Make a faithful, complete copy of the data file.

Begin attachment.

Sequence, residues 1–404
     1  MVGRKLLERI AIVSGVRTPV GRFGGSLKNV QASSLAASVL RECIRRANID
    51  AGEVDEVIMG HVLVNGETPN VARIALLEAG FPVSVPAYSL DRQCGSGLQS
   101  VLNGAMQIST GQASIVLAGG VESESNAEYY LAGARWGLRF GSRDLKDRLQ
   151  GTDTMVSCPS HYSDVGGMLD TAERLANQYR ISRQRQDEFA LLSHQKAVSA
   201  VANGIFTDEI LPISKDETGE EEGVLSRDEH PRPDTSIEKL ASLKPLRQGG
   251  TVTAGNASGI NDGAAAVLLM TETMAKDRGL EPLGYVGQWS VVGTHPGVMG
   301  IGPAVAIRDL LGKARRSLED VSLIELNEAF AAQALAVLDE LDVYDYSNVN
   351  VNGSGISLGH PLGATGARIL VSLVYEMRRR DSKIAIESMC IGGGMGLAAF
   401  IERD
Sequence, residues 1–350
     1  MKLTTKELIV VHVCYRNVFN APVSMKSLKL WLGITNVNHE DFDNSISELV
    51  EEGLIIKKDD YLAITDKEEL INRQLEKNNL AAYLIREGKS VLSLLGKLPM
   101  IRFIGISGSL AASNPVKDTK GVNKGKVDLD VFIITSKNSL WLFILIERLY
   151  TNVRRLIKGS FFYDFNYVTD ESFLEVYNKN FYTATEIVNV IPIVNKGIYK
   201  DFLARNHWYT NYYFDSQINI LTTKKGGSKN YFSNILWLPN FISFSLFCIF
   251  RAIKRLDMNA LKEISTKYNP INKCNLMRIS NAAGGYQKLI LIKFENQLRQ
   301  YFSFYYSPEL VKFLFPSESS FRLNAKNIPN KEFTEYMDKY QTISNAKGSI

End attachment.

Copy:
Sequence, residues 1–404
     1  MVGRKLLERI AIVSGVRTPV GRFGGSLKNV QASSLAASVL RECIRRANID
    51  AGEVDEVIMG HVLVNGETPN VARIALLEAG FPVSVPAYSL DRQCGSGLQS
   101  VLNGAMQIST GQASIVLAGG VESESNAEYY LAGARWGLRF GSRDLKDRLQ
   151  GTDTMVSCPS HYSDVGGMLD TAERLANQYR ISRQRQDEFA LLSHQKAVSA
   201  VANGIFTDEI LPISKDETGE EEGVLSRDEH PRPDTSIEKL ASLKPLRQGG
   251  TVTAGNASGI NDGAAAVLLM TETMAKDRGL EPLGYVGQWS VVGTHPGVMG
   301  IGPAVAIRDL LGKARRSLED VSLIELNEAF AAQALAVLDE LDVYDYSNVN
   351  VNGSGISLGH PLGATGARIL VSLVYEMRRR DSKIAIESMC IGGGMGLAAF
   401  IERD
Sequence, residues 1–350
     1  MKLTTKELIV VHVCYRNVFN APVSMKSLKL WLGITNVNHE DFDNSISELV
    51  EEGLIIKKDD YLAITDKEEL INRQLEKNNL AAYLIREGKS VLSLLGKLPM
   101  IRFIGISGSL AASNPVKDTK GVNKGKVDLD VFIITSKNSL WLFILIERLY
   151  TNVRRLIKGS FFYDFNYVTD ESFLEVYNKN FYTATEIVNV IPIVNKGIYK
   201  DFLARNHWYT NYYFDSQINI LTTKKGGSKN YFSNILWLPN FISFSLFCIF
   251  RAIKRLDMNA LKEISTKYNP INKCNLMRIS NAAGGYQKLI LIKFENQLRQ
   301  YFSFYYSPEL VKFLFPSESS FRLNAKNIPN KEFTEYMDKY QTISNAKGSI